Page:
Air Force & Army Integrate During Red Flag-Alaska
(Source: US Air Force; issued May 10, 2018)
The U.S. Army has already tested its artillery raid concept with a Super Hercules, and is now further validating the concept with a C-17 flying a HIRAMS rocket launcher to and from its firing position behind enemy lines. (USAF photo)
EIELSON AFB, Alaska --- Modern warfare is in a state of continual evolution, from how the battle is fought to the tools and equipment with which those battles are won. This is why being able to train with the most cutting-edge military technology is so vital to the readiness of the force, as they learn to grapple with the nuances of 21st century combat. However, RED FLAG-Alaska provides an ideal platform for integration of joint and multinational forces to train with the latest advances so we can maintain a competitive edge, no matter how future battles are waged.

And for the first-time ever in RED FLAG-Alaska history, a joint capability was on display when the 18th Field Artillery Brigade completed a High Mobility Artillery Rocket System rapid infiltration (HIRAIN) mission in 49 minutes.

A HIMARS is a ground asset used by the Army and Marine Corps and is comprised of a truck and a multiple launch rocket system. This setup gives it the unique ability and flexibility to launch its payload at ground targets, and then quickly move to a different location, thus keeping the enemy guessing about its whereabouts.

“Over the last 30 to 40 years we as fighter pilots believed the fight we were preparing for would be air-focused,” said Lt. Col. Ronald Crabtree, the 353rd chief of weapons for RED FLAG-Alaska. “Now there’s a prevailing belief that in order for us to win today and tomorrow’s fight that we have to work across domains.”

The M142 HIMARS is an impressive system on its own, but when partnered with the Air Force’s C-17 Globemaster III as a part of RED FLAG-Alaska, the two become a precision strategic strike package with nearly limitless range.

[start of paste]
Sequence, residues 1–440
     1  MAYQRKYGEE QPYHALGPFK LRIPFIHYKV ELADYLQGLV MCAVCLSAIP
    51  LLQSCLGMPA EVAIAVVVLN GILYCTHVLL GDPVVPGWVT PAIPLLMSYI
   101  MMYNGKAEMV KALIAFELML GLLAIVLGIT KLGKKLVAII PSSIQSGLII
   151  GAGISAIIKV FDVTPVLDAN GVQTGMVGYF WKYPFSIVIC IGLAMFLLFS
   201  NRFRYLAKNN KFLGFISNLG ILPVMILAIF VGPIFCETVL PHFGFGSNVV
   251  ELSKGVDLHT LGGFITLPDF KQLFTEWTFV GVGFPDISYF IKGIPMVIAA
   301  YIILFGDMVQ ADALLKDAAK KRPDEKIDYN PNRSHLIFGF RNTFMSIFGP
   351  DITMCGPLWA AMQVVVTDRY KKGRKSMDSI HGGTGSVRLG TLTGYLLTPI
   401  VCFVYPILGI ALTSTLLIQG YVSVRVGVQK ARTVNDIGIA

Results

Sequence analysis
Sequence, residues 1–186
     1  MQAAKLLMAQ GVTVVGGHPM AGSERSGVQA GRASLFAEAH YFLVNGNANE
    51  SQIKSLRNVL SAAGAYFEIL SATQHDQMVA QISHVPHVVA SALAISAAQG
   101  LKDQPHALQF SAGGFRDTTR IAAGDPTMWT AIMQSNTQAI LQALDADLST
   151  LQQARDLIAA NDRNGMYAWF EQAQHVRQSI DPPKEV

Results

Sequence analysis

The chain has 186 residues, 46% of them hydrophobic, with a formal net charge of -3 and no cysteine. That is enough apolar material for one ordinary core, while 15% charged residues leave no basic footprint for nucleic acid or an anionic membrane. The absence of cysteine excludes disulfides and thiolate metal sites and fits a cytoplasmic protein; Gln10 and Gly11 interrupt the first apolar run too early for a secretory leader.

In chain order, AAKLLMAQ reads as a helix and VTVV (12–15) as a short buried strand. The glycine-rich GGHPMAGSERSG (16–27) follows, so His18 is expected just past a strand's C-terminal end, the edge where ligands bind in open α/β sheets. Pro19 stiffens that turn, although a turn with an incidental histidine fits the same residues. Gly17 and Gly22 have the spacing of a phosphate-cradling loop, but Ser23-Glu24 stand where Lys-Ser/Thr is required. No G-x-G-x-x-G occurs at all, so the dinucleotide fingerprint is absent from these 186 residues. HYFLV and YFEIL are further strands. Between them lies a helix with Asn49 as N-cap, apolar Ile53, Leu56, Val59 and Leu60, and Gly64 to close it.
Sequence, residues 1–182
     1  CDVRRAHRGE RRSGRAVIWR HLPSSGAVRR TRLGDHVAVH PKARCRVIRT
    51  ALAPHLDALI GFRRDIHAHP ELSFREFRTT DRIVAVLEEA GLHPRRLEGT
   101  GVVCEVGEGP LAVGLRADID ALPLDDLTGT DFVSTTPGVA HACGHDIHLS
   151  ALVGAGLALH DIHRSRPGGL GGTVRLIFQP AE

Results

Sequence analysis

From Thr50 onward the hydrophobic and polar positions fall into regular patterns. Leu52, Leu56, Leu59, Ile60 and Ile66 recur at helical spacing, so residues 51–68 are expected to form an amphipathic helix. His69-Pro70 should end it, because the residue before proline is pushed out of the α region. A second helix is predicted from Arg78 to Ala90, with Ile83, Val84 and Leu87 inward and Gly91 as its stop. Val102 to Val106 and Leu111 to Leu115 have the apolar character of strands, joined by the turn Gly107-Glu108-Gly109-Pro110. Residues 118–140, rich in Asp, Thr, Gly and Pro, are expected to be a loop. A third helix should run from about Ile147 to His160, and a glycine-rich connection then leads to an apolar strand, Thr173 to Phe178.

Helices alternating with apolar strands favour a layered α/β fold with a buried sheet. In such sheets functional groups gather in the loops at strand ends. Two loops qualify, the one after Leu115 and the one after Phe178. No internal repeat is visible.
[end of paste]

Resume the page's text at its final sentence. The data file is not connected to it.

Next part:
“With the utilization of this rocket launch site, the impact area and the aircraft flying above become factors,” said Crabtree. “The coordination becomes a big deal because we’re talking about fighters, the Army and their airlift working with Donnelly training area range control.”

During the HIRAIN, two HIMARS were flown by a C-17 to Fort Greely, where they were unloaded and driven to a firing location, one of them expending their payload. After this, they were driven back onto the C-17, all while F-15s, F-16s, and E/A-18s were still fighting in the same airspace.

“In the past, from what I’m told, when the Army shoots these rockets they just clear the air entirely,” said Crabtree. “So the idea that we’re doing it during a large-force exercise with upwards of 20 to 30 aircraft in the air is a big deal. It demonstrated we are able to do it tactically and safely.”

“This was very successful from the integration piece,” said Capt. Brian Groth, the 353rd Combat Training Squadron chief of electronic warfare for RED FLAG-Alaska. “The escort package was able to clear an avenue for the C-17 to ingress, land, off load the HIMARS and then they provided protection overhead the whole mission. The entire time the HIMARS was on the ground firing, they were being protected by air assets overhead, even with aggressive red air the whole time.”

No one knows how wars will be fought in the future, but through joint cooperation and integration of innovative tactics, techniques and procedures, the U.S. military will remain a dominant force in the world.

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